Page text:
By Emma Gencarelli
Every summer, Lyndhurst—National Trust Historic Site in Tarrytown, New York—hosts a handful of Preservation interns from different academic programs, locations, and backgrounds. This year I was fortunate to be one of them. The interns’ projects vary from year to year. The work of this year’s group included replicating a component of a historic stove that has been in the house since the late 19th century. Previous interns have used this same casting process to replicate decorative brackets during the Bowling Alley Restoration Project, and staff in earlier years also used this method to re-create decorative architectural finials on the mansion’s veranda. The use of plastic casting on the Lyndhurst property has, so far, been restricted to replacing missing architectural features, but this year’s project shows how this process can be important for filling in gaps in collections.
The Kitchen Stove
Presenting the story of Lyndhurst includes exploring the working lives of the staff, so having a complete stove to show the evolution of kitchen and cooking spaces during the house’s key period of use was integral to that story. The basement of the Lyndhurst Mansion holds a c.1880 dual fuel gas and anthracite coal range by Duparquet, Huot & Moneuse Co., but the small grates that rest over a gas element for grilling were missing.
Re-creating the Grill Grate
Lyndhurst managed to locate a similar stove with its grill grate still intact at The President Woodrow Wilson House, National Trust Historic Site in Washington D.C., and borrowed a portion to use for the casting project. Upon receiving the grill grate, which was fabricated of cast iron, it became clear that reproducing it (while not damaging the original) was going to be a tricky because of its shape, unlike with previously casted objects that had flat edges for easy extraction. Having overseen previous casting projects on site, Restoration Project Manager Tom Richmond guided the interns in each step of the process.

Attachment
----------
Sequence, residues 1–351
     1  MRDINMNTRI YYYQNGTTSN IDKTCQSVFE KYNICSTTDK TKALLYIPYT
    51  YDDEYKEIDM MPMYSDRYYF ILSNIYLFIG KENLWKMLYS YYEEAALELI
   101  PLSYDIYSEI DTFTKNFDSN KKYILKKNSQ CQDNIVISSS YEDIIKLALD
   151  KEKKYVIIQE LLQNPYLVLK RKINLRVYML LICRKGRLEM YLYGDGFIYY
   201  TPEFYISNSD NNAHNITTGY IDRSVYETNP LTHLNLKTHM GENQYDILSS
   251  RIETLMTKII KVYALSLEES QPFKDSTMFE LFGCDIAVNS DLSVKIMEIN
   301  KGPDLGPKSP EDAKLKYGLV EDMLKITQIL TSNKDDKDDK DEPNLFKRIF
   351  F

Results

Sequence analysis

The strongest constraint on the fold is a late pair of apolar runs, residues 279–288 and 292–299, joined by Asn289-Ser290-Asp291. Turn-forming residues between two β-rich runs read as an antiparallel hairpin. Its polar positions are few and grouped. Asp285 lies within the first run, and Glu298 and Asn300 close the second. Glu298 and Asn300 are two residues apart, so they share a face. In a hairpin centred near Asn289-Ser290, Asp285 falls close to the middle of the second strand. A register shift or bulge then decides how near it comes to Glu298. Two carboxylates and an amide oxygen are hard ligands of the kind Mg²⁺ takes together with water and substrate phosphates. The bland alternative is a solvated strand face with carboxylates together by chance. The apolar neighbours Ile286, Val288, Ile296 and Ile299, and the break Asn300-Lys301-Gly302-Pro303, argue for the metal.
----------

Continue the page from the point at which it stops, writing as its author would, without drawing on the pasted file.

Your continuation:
Building the Mold
The first step was to create a form in which the grill grate would rest so that the first part of the casting, the silicone mold, could be made. This was done simply with wood, screws, and mold release compound so it could be easily taken apart later. Using a product called Rebound by Smooth-On, Inc. interns poured the silicone over the grill grate inside the wood form to set up. The curing time for the silicone is short, but for good measure it was left to rest overnight. From this rubberized mold the actual castings would be made.
Casting the Grill Grate
Once the silicone mold was cured completely, the wood form was removed and the original iron grill grate had to be removed from the inside of the mold using a combination of razor blades, pry tools, and brute force. Cleanly extracting the original grill grate with no damage to the silicone meant that the first step of the process had been a success and that the future plastic castings would also be viable. The silicone mold was then placed back inside the wood form, re-enforced with clamps, and then sprayed again with mold release compound. Using the plastic compound Smooth-Cast (also from Smooth-On, Inc.) which sets up and cures in a short time, the mold was filled and the plastic set up after a few short minutes.
Prepping the Plastic Grill Grates
As with the original grill grate, the plastic pieces had to be extracted from within the silicone mold. Measurements had determined that it would require four-and-a-half grills to fill the empty space. Allowing for possible errors or inferior castings, several grates were cast, trimmed of extra edges created from the casting process, primed, and then painted in a matte black to match the original patina of the cast iron grill grate. Once the paint was dry (and one grill cast trimmed in half) they were ready to be placed in the stove!
The Stove is Whole Again
The stove in the kitchen at Lyndhurst is now complete, enabling visitors to better understand the downstairs story and the lives and roles of those who utilized those working spaces for the family upstairs. Visitors who take a tour of the kitchen often expect to see the same features that they find in their homes today: refrigerator, counters, sink, pantry, and stove. Because of this replication project all the functions are recognizable in the kitchen. Taking part in a project concerned with an object, not architecture, has shown me how preservation of objects can also be important for presenting the complete story of a building and the spaces inside.
Emma Gencarelli is a restoration project assistant at Lyndhurst. She has a master's degree in historic preservation from the University of Delaware.